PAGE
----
I haven't done much research on the drawbacks of changing a dog's name, but it seems that most dogs are adaptable and would soon get used to a new name, especially if the new name comes with a new "owner."  Perhaps this is why "human" names are not discouraged.

All of this led to a discussion between Andy and myself today, on our drive home from a few relaxing days in northern Michigan.  I had told him about "L-Squared's" comment.  We talked about how other puppy raisers have selected names--some chose names with a common "theme," such as names that all start with the same letter, or names from Greek mythology, or from favorite books.

Would you consider not using a human's name for our next puppy?  I asked him.  Being the kind and sensitive guy that he is, I knew he would consider this request thoughtfully.

"What?!  I can name it anything I want!"  He blurted out.  "Although," he added, with a sidelong wink, "I am open to negotiations."

I won't go into any more detail about the rest of our conversation due to its "x-rated" nature; suffice to say that our next Future Leader dog will most probably not have a "human" name.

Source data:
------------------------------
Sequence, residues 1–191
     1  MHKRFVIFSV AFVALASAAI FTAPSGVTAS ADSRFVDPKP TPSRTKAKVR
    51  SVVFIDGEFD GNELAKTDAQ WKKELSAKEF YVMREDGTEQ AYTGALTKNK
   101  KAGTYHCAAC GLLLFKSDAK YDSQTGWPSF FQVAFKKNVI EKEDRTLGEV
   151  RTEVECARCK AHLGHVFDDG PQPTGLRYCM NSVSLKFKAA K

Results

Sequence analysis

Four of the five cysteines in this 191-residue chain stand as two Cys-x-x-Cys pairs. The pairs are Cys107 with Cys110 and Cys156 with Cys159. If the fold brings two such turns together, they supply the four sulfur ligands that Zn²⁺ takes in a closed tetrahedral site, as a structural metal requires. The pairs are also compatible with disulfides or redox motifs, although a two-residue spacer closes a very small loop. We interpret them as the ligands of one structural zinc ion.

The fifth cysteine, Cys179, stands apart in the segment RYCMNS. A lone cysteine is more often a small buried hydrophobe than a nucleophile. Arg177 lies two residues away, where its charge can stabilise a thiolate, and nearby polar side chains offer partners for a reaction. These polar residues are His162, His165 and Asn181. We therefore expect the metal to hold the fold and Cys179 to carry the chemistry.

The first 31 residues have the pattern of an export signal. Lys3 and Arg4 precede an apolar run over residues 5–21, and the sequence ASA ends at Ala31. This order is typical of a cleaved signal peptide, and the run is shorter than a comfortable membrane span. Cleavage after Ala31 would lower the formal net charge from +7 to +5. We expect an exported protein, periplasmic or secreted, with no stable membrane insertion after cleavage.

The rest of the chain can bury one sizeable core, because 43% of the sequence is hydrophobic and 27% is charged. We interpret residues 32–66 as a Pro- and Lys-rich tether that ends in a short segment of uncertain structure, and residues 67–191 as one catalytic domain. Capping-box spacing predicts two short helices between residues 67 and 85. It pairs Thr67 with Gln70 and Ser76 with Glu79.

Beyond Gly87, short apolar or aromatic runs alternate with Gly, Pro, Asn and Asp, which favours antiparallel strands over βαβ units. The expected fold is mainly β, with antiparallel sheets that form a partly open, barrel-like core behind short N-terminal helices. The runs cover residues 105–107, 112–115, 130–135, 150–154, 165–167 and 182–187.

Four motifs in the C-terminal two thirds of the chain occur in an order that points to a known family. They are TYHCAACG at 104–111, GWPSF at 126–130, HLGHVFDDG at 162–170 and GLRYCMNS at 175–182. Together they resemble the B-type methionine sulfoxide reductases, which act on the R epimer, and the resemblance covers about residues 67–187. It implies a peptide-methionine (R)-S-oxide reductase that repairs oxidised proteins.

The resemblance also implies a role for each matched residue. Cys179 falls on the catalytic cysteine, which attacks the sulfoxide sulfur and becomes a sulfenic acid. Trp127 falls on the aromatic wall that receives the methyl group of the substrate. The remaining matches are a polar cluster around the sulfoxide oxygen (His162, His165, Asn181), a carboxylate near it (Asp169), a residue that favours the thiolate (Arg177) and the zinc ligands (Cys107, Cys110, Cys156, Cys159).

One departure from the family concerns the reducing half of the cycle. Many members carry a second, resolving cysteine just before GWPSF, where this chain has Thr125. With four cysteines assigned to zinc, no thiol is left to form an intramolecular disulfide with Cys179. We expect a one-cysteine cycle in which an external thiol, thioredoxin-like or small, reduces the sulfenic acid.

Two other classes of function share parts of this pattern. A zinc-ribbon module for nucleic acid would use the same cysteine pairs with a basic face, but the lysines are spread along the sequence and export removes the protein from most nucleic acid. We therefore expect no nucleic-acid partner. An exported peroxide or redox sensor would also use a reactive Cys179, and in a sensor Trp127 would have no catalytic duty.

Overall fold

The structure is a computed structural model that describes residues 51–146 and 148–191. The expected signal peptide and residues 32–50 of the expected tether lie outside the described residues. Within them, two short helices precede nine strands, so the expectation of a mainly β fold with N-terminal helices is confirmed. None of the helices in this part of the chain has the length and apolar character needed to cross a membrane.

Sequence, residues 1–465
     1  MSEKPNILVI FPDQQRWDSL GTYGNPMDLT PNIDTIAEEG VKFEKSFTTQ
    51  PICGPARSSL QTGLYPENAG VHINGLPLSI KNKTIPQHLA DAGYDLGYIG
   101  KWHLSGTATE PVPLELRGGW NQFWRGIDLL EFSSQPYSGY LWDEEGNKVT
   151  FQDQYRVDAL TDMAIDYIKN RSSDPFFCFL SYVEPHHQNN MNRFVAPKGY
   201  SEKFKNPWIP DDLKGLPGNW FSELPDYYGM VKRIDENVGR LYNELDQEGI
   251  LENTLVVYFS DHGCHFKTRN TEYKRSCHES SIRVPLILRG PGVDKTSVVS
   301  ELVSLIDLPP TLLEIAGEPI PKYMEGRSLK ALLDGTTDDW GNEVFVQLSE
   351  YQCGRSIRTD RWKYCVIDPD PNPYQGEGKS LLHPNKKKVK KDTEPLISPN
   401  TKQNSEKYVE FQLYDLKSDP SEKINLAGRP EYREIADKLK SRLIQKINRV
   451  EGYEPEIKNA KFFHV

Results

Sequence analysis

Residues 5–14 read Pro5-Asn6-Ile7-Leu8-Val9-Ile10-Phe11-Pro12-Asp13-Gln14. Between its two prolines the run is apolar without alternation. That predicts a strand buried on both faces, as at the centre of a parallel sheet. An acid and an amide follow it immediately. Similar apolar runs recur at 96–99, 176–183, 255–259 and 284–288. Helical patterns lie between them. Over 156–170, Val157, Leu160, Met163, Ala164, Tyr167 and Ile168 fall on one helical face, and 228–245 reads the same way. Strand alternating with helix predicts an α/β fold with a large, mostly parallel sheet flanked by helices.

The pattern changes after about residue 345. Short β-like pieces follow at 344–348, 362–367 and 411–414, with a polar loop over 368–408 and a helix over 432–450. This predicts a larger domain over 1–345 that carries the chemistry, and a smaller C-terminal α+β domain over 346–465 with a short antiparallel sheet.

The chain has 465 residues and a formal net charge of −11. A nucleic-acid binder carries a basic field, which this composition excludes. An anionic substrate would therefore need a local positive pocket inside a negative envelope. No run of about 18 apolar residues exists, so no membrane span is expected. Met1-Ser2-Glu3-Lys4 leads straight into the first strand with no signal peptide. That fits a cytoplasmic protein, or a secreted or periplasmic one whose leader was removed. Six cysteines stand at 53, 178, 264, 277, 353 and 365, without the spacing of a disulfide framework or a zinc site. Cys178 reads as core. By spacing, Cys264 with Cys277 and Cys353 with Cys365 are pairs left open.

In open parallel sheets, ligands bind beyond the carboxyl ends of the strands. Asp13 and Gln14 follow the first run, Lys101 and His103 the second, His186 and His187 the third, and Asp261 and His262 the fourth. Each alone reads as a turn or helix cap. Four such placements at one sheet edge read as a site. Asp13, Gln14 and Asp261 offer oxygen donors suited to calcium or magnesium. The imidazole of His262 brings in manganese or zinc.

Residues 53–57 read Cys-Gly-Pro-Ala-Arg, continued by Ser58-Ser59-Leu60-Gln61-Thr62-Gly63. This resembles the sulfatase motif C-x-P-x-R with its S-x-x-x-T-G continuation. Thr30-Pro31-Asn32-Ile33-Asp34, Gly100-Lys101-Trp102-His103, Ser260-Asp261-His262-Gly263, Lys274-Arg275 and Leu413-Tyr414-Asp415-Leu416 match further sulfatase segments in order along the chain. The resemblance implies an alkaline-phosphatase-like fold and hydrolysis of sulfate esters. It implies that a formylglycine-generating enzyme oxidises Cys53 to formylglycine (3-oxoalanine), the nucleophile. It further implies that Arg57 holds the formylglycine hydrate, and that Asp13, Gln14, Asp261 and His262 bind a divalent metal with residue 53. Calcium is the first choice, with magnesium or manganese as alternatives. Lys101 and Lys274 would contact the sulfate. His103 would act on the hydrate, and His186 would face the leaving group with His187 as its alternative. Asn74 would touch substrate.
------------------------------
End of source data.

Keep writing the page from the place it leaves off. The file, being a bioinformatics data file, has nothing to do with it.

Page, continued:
A question now, to all of you reading this post:

HOW DID/WILL YOU CHOOSE
YOUR PUPPY'S NAME?

Whether or not you are raising a Future Leader Dog, or just have a pet dog, I am truly interested!

5 comments:

  1. I wish we could name our own dogs, but we have sponsers who pay $6,000 to name our pups. So far so good I have had a Jake (we also had a friend named Jake, though we never called him that), Rei, Midnight and now Pompei. SO far so good!
    Though with other organizations I have had my share of "human" names such as: Tim, Ben,Hope, Ira,Daniel, Victoria (Veda, Gideon and Eden were the closest too "non-human" names I had out of that school) though we haven't had too much problem with them not knowing who we were talking too. :))

    ReplyDelete
  2. Haha... I didn't mean to stir up trouble! ;-)

    My recommendations for guide dog naming are thus: no common human names (like Jack, Sam, John, Sara, Anne, Julie, etc); no "cutesy" names (like Muffin, Popcorn, Barefoot or Buddy); and of course, no complicated to spell or pronounce names.